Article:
How can I help you?
"Yeah, we're totaling your car," Jessie, the claims adjuster said over the phone. "You'll have an additional five days to shop for a new one until your insurance stops paying for the rental. The check will go out as soon as its approved."
I appreciate the call, but I'm not sure if that's good news or bad. I certainly don't want the car back, given the extensive damage from the head-on collision, but I'm painfully aware I can't replace the wagon I've been driving around town for the depreciated amount the insurance company will now send my way. (A 10-year old car doesn't count for much - even when it's a Mercedes.)
To be fair, the outcome wasn't entirely unexpected, given that both cars took a MAJOR HIT! It's just that buying another automobile this year wasn't high on my priority list, especially as Cliff and I had already purchased a used truck for Case's college graduation last spring (go forth and prosper my son) and honestly,we need every available dime for the BIG remodel on Calmar Avenue that has just begun. (Look for my new blog:"Renovation Riptide.com" to debut next week. Less talking and MORE photos to inspire and motivate.)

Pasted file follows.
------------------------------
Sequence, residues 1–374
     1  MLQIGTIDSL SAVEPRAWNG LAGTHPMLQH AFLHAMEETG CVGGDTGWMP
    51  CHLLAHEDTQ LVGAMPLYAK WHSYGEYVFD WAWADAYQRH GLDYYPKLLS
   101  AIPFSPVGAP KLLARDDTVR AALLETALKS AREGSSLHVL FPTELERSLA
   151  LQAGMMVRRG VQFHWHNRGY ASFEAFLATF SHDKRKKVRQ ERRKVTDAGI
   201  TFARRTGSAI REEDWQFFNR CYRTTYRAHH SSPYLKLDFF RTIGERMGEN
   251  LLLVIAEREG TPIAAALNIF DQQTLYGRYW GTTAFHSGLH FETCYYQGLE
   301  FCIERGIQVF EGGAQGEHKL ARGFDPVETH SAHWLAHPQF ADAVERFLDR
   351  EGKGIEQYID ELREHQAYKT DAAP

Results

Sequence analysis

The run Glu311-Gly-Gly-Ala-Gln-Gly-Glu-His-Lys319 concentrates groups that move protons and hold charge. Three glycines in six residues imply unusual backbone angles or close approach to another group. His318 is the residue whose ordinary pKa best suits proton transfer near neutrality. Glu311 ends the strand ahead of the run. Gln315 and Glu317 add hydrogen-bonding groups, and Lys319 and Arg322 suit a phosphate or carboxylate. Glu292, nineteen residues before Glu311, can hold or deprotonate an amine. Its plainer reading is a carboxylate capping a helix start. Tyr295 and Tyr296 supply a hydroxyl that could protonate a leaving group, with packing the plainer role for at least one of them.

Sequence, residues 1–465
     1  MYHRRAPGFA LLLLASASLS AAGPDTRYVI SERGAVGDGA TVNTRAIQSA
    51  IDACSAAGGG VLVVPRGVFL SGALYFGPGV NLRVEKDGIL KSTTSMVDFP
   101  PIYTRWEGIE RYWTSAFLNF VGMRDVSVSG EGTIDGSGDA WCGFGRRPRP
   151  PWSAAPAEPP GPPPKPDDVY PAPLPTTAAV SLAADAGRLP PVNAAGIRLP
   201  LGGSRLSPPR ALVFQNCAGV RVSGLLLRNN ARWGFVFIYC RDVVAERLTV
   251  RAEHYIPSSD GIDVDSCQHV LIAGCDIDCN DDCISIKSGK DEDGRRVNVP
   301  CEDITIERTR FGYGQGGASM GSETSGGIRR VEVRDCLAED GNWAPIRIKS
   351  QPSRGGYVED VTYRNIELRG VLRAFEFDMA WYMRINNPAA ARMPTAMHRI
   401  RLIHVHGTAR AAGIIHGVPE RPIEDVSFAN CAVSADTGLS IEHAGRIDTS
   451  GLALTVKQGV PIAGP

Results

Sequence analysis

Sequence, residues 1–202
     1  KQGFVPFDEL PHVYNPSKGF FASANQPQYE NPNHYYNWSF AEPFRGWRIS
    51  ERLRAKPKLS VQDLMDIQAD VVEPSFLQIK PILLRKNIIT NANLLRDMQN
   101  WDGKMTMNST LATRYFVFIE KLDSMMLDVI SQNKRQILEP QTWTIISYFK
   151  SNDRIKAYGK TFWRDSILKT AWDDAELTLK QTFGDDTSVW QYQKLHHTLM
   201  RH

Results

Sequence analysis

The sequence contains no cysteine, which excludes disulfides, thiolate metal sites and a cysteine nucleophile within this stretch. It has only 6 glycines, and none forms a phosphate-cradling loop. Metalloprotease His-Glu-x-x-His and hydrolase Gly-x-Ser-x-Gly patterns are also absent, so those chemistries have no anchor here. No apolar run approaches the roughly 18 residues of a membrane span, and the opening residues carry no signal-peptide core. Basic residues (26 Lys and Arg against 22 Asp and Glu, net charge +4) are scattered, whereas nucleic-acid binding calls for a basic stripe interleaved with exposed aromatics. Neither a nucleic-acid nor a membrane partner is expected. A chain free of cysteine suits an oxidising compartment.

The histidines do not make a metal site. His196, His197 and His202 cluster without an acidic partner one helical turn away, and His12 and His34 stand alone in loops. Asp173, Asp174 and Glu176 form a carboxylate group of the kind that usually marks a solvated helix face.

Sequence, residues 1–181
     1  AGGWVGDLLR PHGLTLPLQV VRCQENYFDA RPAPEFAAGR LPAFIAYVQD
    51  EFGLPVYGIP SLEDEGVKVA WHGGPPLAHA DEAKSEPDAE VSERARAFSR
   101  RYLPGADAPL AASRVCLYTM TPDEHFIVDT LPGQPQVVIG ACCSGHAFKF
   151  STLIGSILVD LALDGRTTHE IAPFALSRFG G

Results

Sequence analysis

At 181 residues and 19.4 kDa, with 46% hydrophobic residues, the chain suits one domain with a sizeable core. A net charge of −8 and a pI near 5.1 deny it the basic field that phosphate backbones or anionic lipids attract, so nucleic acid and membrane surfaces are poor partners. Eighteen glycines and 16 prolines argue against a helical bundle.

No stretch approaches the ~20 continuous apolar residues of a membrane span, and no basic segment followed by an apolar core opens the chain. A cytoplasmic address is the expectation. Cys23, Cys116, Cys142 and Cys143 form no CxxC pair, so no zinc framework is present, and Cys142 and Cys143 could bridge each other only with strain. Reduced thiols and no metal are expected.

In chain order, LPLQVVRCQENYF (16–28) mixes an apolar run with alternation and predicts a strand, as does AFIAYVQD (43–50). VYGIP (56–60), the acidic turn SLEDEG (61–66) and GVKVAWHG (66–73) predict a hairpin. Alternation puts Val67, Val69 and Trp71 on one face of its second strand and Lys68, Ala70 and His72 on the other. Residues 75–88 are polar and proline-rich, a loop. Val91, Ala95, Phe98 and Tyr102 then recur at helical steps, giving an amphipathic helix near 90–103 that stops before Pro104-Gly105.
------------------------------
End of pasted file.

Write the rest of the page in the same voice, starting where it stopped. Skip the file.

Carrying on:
This would be a good time to remind myself that these are gold-plated problems in the BIG game of life. "Boo hoo, poor me, I have to shop for a new (used) car this weekend . . ." (Unlike houses, cars are depreciating assets.)
Frankly, I don't much like the whole car shopping experience under any circumstances, let alone this unwelcome turn of events (I like fixtures and tile back-splashes, lighting and furniture, fabrics and finishes . . . I love homes!) Not only do I dread shopping for automobiles, the truth is that I know nothing about them. Should I lease or purchase? Go big or go small? Go electric, diesel, or gas? There's more choices than I care to trudge through, when what I really want is just a happy Disney ending.